We need to lower CO₂ emission now. That’s the biggest challenge we’re facing.”

Sounds good. But is it really possible to apply this to every part of a building?

“In theory: yes. But practically, it’s more complex. For example: what happens when you buy a building where the facades are rented, but then the service provider goes bankrupt. A debt collector visits the building you own and says: ‘I’d like to have my facades back.’ How are you going to record the right of ownership legally? There are challenges there. I think installations inside buildings would work very well for service models, such as ventilation and lighting. Those are relatively simple constructions. It is common that a lot of fixtures need to be replaced after ten years. You can easily take it apart and replace them later. Let’s absolutely start with that. Moreover, there’s a lot of metal in the equipment. That’s valuable. It’s worth taking it back. A big, concrete plate is not as easy. Who would want that?”

You have included circularity demands in the current BREEAM 2020.

“That’s a big change indeed. Is it possible to deconstruct walls, floors, facades, etc. and reuse those? That’s only the hull. The next step would be to look at products and elements inside a building, such as the lights. Is it possible to not only take part of the fixtures apart, but reuse it as well?”


I would like to see that contractors and architects have the guts to view the materials they use completely different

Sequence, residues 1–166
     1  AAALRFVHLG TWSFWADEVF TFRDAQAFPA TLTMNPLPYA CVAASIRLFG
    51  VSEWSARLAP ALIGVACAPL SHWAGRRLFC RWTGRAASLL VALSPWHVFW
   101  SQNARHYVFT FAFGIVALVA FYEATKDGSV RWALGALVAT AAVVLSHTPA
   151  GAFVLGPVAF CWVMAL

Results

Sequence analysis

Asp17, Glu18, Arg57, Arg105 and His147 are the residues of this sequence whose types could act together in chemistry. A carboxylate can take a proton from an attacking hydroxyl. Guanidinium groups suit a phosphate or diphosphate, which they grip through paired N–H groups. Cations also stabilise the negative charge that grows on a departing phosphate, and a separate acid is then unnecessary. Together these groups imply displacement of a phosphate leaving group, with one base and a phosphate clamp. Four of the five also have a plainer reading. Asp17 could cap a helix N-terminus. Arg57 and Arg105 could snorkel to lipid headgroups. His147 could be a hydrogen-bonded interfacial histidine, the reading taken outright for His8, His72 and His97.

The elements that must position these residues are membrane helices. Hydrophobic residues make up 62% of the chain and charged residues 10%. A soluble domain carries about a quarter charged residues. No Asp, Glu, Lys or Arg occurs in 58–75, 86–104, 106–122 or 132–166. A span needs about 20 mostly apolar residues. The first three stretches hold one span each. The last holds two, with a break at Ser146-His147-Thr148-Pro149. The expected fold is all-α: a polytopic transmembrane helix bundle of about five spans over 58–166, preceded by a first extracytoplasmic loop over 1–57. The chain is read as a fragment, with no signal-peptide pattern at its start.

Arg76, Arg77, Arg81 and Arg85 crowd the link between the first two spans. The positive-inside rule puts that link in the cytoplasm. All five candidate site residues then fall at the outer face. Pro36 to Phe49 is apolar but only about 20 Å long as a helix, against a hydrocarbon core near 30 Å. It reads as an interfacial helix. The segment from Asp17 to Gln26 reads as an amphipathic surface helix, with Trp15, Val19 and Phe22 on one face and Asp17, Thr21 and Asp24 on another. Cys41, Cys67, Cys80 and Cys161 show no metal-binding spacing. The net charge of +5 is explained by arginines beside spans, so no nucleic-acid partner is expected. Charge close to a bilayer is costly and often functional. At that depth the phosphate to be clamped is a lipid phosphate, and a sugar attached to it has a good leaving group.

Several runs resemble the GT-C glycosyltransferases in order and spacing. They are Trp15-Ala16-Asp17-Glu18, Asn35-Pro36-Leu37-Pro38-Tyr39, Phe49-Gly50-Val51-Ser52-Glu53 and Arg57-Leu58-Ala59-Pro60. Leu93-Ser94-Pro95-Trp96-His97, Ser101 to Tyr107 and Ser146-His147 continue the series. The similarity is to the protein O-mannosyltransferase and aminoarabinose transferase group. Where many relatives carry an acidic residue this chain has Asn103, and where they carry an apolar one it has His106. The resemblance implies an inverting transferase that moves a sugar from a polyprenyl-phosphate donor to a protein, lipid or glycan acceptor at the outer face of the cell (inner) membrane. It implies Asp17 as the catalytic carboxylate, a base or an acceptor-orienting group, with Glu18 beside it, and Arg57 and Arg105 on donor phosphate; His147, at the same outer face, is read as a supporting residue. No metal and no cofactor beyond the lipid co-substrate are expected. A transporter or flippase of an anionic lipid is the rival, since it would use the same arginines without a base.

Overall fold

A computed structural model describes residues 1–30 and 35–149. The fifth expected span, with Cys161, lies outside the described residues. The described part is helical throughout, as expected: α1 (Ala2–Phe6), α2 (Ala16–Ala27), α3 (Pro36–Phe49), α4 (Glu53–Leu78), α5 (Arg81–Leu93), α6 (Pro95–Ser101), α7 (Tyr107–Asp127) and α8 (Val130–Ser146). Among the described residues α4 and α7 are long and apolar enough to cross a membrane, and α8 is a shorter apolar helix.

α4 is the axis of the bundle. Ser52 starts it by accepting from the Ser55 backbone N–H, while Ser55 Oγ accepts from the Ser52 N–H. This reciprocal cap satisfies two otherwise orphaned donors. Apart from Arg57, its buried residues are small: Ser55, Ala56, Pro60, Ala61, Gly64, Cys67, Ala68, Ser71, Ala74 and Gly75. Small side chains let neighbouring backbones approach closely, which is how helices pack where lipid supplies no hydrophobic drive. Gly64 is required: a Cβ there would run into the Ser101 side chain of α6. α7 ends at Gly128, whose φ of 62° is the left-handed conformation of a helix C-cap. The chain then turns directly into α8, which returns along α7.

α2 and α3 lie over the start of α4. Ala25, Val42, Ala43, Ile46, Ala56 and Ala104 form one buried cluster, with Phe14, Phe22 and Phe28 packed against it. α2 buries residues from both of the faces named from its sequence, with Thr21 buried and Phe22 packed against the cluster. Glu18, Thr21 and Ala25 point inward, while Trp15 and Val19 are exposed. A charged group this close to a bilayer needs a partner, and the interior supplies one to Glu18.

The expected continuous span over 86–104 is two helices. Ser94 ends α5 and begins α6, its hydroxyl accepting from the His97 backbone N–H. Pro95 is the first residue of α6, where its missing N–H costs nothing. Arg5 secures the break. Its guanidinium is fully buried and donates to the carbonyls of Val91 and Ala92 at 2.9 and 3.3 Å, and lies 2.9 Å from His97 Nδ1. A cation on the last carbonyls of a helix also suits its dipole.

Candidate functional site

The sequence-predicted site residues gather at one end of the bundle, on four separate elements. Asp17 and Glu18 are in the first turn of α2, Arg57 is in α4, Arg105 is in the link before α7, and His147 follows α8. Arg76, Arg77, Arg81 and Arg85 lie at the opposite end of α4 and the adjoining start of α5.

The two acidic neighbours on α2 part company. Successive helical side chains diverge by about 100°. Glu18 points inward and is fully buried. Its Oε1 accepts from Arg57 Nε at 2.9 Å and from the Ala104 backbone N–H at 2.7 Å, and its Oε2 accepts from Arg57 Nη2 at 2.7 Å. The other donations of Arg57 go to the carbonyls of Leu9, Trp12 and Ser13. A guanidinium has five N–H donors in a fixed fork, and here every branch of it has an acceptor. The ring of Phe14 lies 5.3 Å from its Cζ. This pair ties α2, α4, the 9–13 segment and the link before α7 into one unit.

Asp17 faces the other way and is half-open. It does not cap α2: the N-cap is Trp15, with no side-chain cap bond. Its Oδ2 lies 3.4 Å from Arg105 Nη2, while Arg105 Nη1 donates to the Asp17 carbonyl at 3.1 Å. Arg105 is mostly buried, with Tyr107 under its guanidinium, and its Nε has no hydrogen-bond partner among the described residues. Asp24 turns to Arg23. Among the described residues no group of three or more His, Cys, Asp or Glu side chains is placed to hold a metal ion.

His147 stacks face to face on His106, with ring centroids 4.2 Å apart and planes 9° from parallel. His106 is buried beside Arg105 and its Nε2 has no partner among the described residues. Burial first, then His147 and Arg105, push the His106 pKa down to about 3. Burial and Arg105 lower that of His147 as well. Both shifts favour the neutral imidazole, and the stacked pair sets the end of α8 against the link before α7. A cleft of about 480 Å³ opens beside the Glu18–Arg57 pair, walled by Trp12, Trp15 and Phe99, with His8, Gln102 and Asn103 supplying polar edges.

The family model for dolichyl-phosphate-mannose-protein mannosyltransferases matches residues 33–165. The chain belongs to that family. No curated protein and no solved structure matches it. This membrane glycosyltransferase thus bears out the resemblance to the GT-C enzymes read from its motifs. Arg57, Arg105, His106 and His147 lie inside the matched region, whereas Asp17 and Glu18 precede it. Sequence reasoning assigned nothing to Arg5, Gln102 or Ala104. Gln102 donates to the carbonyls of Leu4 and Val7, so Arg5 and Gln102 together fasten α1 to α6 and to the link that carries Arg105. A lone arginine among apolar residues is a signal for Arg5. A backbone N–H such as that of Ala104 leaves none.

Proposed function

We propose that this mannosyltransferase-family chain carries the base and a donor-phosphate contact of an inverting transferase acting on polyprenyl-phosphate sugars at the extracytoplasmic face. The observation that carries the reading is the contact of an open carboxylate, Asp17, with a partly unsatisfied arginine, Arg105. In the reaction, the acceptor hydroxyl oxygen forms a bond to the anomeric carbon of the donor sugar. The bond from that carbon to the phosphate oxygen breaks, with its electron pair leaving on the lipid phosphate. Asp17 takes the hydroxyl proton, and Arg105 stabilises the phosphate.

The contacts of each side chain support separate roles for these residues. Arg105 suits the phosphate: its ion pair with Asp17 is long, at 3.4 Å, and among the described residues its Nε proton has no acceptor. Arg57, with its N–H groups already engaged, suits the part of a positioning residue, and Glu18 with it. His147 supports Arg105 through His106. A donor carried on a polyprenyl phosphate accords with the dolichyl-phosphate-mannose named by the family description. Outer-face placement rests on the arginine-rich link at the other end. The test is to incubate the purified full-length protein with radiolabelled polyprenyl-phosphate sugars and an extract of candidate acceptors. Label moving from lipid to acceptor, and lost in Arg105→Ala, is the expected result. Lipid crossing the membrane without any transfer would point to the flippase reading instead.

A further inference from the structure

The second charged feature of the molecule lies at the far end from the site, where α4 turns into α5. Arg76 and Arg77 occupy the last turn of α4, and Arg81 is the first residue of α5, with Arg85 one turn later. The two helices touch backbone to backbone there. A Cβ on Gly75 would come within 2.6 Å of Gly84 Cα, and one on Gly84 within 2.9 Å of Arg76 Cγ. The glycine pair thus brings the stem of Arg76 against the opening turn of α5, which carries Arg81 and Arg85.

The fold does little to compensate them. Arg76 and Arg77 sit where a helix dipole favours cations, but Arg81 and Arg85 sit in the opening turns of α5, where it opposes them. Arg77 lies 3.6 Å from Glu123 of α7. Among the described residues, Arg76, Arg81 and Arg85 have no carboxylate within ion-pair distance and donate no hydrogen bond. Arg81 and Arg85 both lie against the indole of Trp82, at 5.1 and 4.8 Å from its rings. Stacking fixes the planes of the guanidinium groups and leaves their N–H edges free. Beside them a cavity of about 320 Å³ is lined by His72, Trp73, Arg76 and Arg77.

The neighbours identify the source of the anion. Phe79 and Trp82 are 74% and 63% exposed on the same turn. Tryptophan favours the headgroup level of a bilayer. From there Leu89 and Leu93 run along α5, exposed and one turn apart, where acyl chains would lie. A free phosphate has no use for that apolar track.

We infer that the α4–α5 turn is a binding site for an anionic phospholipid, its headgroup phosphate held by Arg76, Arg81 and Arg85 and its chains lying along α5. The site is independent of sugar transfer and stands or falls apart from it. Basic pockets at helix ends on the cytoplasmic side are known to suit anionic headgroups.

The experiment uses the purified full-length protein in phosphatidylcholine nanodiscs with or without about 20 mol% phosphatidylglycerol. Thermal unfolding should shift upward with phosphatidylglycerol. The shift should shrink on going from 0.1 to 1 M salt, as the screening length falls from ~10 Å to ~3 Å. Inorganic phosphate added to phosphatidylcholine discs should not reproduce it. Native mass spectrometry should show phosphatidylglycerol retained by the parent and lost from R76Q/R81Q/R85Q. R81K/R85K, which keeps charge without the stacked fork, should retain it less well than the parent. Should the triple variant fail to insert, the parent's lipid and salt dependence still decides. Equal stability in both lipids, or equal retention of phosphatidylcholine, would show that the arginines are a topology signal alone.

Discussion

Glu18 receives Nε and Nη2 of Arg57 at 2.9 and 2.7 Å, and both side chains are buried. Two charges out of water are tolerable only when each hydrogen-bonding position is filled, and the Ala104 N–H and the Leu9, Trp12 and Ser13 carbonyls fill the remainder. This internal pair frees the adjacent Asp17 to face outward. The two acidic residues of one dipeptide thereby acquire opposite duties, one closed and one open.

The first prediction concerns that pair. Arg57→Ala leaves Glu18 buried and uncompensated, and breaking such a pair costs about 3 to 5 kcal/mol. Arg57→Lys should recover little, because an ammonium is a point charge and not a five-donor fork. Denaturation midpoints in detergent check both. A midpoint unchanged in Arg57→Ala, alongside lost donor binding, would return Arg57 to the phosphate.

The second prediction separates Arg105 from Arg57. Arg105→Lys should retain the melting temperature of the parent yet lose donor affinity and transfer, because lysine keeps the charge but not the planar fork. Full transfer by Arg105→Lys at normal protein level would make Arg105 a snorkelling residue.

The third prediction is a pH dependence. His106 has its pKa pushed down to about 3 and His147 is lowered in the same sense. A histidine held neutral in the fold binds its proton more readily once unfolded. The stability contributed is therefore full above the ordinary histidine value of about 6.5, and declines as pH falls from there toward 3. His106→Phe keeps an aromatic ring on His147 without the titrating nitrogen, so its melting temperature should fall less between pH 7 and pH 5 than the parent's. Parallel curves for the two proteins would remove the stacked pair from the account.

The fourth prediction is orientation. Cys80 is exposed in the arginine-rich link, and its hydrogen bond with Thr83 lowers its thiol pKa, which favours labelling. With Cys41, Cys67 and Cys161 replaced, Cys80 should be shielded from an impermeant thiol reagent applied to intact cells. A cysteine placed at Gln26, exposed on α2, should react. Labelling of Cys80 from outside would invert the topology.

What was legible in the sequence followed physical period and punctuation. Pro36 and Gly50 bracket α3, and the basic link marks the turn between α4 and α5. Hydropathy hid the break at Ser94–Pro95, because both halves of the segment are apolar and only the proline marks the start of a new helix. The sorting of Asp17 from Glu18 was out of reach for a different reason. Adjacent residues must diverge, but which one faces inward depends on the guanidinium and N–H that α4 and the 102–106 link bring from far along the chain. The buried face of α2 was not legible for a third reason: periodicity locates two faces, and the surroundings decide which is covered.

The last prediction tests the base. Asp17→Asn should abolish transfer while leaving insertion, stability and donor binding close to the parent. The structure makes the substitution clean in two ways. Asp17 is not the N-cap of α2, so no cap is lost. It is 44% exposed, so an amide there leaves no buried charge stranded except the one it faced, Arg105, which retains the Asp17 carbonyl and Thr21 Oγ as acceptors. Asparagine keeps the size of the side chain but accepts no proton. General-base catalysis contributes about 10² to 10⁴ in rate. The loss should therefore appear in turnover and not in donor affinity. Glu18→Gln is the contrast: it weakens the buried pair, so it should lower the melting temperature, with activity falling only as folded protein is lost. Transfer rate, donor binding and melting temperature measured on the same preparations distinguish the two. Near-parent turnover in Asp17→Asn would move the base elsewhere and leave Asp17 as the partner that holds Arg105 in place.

What’s your perspective on the future of sustainable construction?

“Right now is the time to pull out all stops to reduce CO₂ emission as much as possible, as soon as possible. All effort must go to that. Circularity is good, we must continue that. But if we’re talking about taking concrete out of your building in 70 years and reusing it, you’re already too late. We need to lower CO₂ emission now. That’s the biggest challenge we’re facing. How? By developing different materials, techniques and products, like biobased materials. But also, by reflecting on where your materials are coming from. Steel produced in China has five times as big an impact on the environment as European produced steel. The EU will soon introduce the Product Environmental Footprint, for which manufacturers must calculate their environmental impact and communicate this to the consumer. They are working on making this a requirement in five years. The built environment must change. It’s easy to just point a finger at TATA Steel, which causes a lot of emission. I see a lot of low hanging fruit in the built environment. There are still a lot of buildings in which the lights are on at night or where fluorescent tubes are used. Let’s start by replacing those with LED. This already has tremendous effect on energy consumption. Every industry needs to contribute. It’s the only way we can be energy-neutral by 2050.”

What would be your wish for the next ten years?

“I would like to see that contractors and architects have the guts to view the materials they use completely different. Don’t use the standard sandwich panels with aluminum and polyurethane, but alternative materials to overhaul a building completely. The construction industry is a conservative one. I say this very harshly and it’s not entirely fair of me. To get a building made, there’s a lot of legislation and regulation. It needs to be safe and robust. Contractors know the materials they use now and they are widely available. It’s easy to choose the traditional materials. You have to have nerve to do it differently.”

Need sustainable lighting?

Ask for our newly launched Guide to BREEAM

Share this article

#gibl #getinspiredbylight